Emei Mountain is one of the most holy Buddhist sites in China. I’ve been harboring a desire to climb it since I read about it – the photos of foggy peaks and sweeping vistas tug at my heart. Bill and Sam decide to make a weekend of it, inviting Vega and I along. At first I was a little torn – going with a group means you don’t get to set your own pace, and you have to make small talk while you’re climbing. I put aside such (admittedly selfish) thoughts, and agreed.
It’s about a three hour drive from Chengdu to Emeishan. Sam brought me a loaner coat, since I had not checked the weather, and the summit was still at freezing levels. The scenery was pretty, but also abruptly industrial. There would be long stretches of green hills and then some sort of unpleasant looking factory or dilapidated series of buildings. I did see my first terraced tea hills!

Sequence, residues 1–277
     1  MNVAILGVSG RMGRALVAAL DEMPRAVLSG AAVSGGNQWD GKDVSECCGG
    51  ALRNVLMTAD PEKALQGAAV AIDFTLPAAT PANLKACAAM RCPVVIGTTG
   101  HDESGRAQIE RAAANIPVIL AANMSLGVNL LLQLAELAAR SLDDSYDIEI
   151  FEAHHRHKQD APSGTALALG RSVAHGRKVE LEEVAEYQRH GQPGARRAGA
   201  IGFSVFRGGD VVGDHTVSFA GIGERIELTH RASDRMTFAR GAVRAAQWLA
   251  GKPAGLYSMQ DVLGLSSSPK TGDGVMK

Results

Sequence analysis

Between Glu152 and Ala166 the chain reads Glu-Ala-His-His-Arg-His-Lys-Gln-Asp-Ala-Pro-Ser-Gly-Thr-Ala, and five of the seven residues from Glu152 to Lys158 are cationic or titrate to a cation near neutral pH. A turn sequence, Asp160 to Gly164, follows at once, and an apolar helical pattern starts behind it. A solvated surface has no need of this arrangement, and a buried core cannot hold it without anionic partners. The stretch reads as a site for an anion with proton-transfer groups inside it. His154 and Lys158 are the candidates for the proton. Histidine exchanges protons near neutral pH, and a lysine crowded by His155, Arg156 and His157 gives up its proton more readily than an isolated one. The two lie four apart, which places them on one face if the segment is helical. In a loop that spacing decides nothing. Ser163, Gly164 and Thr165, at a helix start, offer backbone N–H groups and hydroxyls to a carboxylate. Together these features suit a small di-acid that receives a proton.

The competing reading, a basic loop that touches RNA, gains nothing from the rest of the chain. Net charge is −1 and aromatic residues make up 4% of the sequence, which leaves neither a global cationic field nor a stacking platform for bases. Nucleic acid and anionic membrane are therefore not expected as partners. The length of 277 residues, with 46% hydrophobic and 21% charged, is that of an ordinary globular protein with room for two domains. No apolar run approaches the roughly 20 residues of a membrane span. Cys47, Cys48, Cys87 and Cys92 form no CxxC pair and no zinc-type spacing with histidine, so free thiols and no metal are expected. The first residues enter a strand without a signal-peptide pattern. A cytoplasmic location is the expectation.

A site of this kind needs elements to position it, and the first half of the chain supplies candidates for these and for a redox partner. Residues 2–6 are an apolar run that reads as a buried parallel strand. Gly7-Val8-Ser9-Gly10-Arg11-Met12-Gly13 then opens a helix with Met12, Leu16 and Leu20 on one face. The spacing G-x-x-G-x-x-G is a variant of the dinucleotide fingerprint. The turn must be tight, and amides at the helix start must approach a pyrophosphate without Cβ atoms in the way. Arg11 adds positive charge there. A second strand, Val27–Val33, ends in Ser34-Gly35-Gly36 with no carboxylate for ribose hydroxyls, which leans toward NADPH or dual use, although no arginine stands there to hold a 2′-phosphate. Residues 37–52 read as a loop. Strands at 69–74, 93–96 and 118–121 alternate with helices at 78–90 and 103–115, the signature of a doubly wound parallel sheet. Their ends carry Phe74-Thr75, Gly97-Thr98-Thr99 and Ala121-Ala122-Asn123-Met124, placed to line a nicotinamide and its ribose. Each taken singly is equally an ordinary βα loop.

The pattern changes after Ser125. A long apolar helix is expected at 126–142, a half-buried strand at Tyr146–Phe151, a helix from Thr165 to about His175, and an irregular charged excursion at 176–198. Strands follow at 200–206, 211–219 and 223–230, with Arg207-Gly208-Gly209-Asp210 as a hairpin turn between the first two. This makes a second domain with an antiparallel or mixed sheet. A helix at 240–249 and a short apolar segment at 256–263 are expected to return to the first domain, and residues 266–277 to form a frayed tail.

My recommendation was to stay at the Teddy Bear Hotel, as recommended to me by Fodor’s guide. I immediately like the place as we enter. There are free English maps of the mountain on the counter, and the walls in the common room are coated in autographs and cartoons. They have their own restaurant, and a nice lounge. The place is a step up from a hostel, but it definitely has a backpacker vibe. The room is functional – the beds are hard and smell of cigarette smoke, but since it’s only for one night I don’t feel like pushing the issue. I really don’t like that ashy after smell, though. Should you ever go to Emei Mountain, I recommend the place. It’s convenient, but not particularly luxurious.
We take a bus to a lower temple – the driver doesn’t seem to notice that the road is full of steep switchbacks, nor that he is driving a giant bus. Disembarking, we pay for our entrance fee and a cable car ride up.